Inclusiv, AACUC, Citi partner to help minority credit unions

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A new initiative aims to help boost membership African-American community development credit unions in New York.

Inclusiv Communities, launched Wednesday by Inclusiv (formerly known as the National Federation of Community Development CUs) follows on the heels of an extensive social media campaign tied to Black History Month. Content for the site was developed with help from the African-American Credit Union Coalition, and includes features on the leaders and members of these institutions. These posts have been saved to a 16-page book in PDF, called “African American Credit Unions Build Strong Communities,” that can be found on Inclusiv’s website here.

Inclusiv said it and the AACUC will use this collection of posts to advocate on behalf of minority credit unions and the communities they serve.

The target area for this outreach effort is northern Manhattan, the Bronx, Brooklyn, Queens, the Lower East Side of Manhattan and northern New Jersey. The plan is to connect consumers in the area to CDCUs, which often are faith-based. Inclusiv noted many of these credit unions serve pockets inside gentrifying communities, adding some have been involved an initiative the trade group has undertaken to address facing such small, minority-owned institutions.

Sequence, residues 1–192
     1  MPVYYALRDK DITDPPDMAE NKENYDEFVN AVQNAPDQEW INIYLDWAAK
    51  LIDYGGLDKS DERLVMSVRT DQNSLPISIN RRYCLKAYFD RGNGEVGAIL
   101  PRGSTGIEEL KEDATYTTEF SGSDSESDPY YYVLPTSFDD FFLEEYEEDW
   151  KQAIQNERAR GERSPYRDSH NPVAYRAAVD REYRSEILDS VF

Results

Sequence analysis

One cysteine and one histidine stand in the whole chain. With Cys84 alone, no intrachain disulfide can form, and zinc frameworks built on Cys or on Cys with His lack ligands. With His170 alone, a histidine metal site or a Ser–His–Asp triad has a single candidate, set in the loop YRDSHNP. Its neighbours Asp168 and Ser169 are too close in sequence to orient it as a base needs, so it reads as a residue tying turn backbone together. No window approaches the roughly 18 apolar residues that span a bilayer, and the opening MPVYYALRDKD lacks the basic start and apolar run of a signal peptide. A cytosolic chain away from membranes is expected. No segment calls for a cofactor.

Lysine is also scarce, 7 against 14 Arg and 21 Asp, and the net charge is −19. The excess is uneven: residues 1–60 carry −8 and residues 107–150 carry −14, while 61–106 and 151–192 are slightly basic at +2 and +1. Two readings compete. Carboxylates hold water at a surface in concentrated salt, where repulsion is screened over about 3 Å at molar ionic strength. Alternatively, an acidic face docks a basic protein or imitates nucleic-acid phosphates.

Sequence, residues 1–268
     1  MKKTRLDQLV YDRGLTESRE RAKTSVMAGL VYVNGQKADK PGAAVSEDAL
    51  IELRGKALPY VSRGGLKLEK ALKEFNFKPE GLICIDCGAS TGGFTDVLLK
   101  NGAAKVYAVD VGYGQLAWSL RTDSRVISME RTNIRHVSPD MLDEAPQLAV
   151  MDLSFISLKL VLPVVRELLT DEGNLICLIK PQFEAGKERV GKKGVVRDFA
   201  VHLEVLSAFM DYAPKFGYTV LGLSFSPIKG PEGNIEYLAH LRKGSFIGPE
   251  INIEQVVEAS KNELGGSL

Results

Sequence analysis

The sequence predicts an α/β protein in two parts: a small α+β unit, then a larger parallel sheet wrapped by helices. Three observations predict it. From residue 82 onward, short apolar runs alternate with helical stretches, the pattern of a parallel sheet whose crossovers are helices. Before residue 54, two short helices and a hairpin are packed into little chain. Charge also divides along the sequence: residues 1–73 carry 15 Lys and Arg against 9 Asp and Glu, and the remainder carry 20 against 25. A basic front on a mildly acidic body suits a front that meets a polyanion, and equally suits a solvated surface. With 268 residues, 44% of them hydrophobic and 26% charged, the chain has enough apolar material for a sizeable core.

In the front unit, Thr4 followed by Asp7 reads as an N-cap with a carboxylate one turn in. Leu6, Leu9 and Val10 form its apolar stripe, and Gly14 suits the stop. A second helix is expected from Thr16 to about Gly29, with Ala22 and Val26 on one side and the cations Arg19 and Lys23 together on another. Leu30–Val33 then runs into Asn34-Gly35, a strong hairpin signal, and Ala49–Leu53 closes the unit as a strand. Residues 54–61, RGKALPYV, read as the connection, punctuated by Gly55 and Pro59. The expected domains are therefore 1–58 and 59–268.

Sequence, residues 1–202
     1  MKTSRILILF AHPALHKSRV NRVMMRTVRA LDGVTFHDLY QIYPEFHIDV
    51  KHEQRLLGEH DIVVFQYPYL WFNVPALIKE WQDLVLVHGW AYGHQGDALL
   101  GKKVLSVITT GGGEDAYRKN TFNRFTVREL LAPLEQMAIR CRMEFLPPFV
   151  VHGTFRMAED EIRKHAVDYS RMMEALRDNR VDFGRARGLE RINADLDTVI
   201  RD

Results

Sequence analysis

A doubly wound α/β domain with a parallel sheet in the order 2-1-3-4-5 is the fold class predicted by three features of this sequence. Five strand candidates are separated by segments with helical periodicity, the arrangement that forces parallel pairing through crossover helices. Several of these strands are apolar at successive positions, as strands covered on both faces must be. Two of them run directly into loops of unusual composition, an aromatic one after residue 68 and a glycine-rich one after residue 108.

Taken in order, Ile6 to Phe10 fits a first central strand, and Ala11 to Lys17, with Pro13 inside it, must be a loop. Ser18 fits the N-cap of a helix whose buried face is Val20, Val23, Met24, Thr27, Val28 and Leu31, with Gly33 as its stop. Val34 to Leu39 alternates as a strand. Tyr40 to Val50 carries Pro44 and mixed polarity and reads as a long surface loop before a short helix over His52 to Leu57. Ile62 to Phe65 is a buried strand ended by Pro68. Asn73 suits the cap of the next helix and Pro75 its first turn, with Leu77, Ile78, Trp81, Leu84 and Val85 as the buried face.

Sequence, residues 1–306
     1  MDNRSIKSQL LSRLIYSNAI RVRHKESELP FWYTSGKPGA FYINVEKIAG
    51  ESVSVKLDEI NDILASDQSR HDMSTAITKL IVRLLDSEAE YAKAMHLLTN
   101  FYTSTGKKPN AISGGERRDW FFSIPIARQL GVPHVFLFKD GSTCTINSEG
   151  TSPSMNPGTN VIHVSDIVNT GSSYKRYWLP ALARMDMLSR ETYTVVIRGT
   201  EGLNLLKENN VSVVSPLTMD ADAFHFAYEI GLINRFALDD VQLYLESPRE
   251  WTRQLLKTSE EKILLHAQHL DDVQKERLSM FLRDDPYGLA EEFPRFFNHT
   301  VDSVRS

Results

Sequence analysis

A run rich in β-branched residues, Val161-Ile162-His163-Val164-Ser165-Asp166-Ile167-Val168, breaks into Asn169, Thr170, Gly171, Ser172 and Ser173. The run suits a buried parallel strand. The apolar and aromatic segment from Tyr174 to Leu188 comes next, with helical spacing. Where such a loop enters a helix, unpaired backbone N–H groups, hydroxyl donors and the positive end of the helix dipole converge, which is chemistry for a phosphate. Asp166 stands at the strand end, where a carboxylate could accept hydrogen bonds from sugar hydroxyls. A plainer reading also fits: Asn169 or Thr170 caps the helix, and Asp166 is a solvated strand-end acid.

Nine credit unions are part of this new effort:

  • 1st Bergen FCU
  • Abyssinian Baptist Church FCU
  • Concord FCU
  • Empire Financial FCU
  • Fidelis FCU
  • Greater Centennial FCU
  • New Covenant Dominion FCU
  • St. Augustine Presbyterian FCU
  • University Settlement FCU.

Many of these CUs do not have websites, Inclusiv said, and the trade group’s site is the first time these institutions have had information about themselves online.

According to Inclusiv, an average of one minority-owned CU closes each week. Approximately half of all minority-owned credit unions are African-American institutions, and it said those are seeing the largest rates of closures. The agency said it was prompted to act after seeing FDIC research saying households that are predominantly Hispanic or African-American are five times more likely to lack access to traditional financial services than white households.

“Community development credit unions…have been at the forefront of our nation's most important social movements – from civil rights to the war on poverty, to anti-redlining, community reinvestment and asset building,” Cathie Mahon, CEO of Inclusiv, said in a statement. “The credit unions featured on strengthen our communities and provide practical solutions to fight growing income inequality in cities such as New York.”

Citi Community Development is also providing support for this initiative.

“By collaborating with Inclusiv on the African American Credit Union Initiative, Citi aims to help address the operating challenges of small minority-owned credit unions, which in turn help expand access for people in the communities we serve,” said Helen Steblecki, senior vice president for Citi Community Development.

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